BI's Dirty Secret: Better Tools No Match for Bad Strategy

By Thomas Wailgum, CIO |  Business Intelligence, Analytics

But whether they're using off-the-shelf or in-house BI apps, CIOs need to remember in this new era of Google Apps and SaaSy Web interfaces that they'd better ensure that ease of use is top of mind. "It has to be easy, intuitive and offer the ability for users to drill down and have that layers of 'depth,' so that as people get smarter they can drill down even further [into the BI tools' capabilities]," says CRA's Anthony, offering Microsoft's Excel as an example. "But you have to make sure those layers are very easy to begin with."

When that type of situation transpires, a sustained "snowball effect" can occur among the user community, offers Swislow, which can then lead to more valuable business results from the BI tools.

"It's like every step you take making better use of the tools just opens up more opportunities to use the information and do more interesting analytics," he says. "The questions never end, and when you answer one question, that means you have time to ask another question."

A BI System for One and All

In the not so distant future, as the definition of corporate "business intelligence" continues to sort itself out, it's easy to imagine BI as a highly targeted analytic interface, delivered to various users, that is able to manage, integrate and present the enterprise glut of back-office transactional data that streams through organizations today, such as ERP, CRM and supply chain systems.

This personalized BI interface, in other words, would take be able to take the pulse of and easily display everything relevant happening to the enterprise at any given time.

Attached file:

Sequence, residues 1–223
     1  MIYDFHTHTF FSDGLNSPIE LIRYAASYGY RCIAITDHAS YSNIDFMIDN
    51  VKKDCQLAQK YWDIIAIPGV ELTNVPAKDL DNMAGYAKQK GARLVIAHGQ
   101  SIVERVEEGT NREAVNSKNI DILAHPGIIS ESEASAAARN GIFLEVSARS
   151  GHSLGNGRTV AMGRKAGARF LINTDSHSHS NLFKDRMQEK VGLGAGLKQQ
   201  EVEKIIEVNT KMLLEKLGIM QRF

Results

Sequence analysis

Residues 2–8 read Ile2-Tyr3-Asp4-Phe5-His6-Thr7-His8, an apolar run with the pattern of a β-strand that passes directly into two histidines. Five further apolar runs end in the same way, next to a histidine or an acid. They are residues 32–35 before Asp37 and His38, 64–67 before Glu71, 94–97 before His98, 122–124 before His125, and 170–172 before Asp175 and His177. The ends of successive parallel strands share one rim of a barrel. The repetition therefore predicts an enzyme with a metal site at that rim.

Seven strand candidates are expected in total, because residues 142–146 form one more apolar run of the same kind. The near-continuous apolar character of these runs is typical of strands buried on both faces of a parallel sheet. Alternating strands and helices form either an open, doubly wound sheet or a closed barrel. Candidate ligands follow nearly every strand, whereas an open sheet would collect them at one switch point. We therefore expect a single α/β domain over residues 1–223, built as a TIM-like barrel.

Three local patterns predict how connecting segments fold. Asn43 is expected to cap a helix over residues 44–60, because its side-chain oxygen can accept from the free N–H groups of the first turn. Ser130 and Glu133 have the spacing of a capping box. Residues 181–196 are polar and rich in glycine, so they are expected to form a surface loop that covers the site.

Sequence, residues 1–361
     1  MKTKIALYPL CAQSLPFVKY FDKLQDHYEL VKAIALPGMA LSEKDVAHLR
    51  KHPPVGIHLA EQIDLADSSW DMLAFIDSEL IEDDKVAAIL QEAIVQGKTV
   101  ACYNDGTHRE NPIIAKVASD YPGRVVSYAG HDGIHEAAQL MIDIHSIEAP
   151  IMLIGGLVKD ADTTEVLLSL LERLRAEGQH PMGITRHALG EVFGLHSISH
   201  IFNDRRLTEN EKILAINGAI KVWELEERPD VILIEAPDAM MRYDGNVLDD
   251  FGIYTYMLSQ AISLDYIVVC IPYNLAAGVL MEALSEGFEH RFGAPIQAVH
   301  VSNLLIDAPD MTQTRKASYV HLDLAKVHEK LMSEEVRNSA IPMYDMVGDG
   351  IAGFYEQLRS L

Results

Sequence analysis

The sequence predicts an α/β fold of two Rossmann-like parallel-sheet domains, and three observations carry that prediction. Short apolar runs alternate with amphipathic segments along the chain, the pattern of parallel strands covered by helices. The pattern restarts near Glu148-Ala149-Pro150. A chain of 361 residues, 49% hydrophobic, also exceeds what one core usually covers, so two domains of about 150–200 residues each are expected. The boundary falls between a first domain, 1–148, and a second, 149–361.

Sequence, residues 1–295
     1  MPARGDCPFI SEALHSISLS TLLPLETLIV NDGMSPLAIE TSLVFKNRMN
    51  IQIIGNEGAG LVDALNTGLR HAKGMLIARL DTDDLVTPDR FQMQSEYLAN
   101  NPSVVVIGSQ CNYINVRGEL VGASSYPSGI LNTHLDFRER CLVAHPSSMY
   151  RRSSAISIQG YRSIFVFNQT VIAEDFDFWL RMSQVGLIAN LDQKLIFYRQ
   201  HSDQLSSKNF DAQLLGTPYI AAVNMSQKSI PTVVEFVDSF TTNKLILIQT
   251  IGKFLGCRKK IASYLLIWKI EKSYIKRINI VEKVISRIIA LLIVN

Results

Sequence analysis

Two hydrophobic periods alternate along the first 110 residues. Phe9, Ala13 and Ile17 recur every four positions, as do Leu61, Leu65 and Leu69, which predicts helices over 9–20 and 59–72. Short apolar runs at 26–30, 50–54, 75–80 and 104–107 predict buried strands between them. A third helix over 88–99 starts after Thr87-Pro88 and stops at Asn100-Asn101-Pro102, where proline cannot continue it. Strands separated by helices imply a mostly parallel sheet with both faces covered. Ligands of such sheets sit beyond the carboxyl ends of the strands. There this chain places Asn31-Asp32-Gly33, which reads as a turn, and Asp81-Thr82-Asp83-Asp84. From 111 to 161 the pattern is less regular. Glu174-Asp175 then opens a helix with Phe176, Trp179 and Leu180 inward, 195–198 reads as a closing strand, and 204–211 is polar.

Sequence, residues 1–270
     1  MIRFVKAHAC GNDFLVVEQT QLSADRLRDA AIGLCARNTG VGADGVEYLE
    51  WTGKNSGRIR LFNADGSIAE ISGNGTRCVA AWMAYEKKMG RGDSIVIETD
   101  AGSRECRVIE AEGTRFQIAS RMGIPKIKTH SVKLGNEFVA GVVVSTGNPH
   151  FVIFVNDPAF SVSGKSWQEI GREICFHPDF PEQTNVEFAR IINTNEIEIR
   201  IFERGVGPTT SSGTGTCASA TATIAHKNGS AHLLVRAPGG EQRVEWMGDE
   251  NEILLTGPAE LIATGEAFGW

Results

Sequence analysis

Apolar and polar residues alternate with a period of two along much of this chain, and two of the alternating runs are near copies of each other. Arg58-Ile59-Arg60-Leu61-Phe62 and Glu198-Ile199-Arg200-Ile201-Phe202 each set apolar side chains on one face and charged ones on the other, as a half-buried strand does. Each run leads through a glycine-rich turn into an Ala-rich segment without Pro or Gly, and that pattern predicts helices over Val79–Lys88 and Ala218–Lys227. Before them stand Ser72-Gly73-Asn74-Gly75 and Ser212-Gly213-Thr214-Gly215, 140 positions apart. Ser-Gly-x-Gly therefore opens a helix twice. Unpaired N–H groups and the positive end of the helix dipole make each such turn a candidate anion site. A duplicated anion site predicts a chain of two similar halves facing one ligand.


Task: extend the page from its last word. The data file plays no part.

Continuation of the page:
CRA's Anthony says that this type of BI system ensures that executives, managers and decision makers are making their decisions based on the analytic and reporting data that is not only most relevant to them but also has the most value from an enterprise perspective. "Everything working together is much more powerful than anyone working in their vacuum," Anthony says. "That's where the new CIOs, in my mind, are becoming the strategic partner because of BI and the data provided. This [type of] CIO understands the business and the technical layer that provides that data. It's a big role."

At Cars.com, Swislow mentions the value that data from "one big analytics engine" can deliver, not only to business users in terms of customer, website and sales data; but also in how Cars.com demonstrates the site's value to advertisers and also the helpful data that Cars.com can provide to the consumers who make more than 1 million searches on the site each day. "There's a tremendous amount of intelligence there at multiple levels," he says.


Originally published on CIO |  Click here to read the original story.
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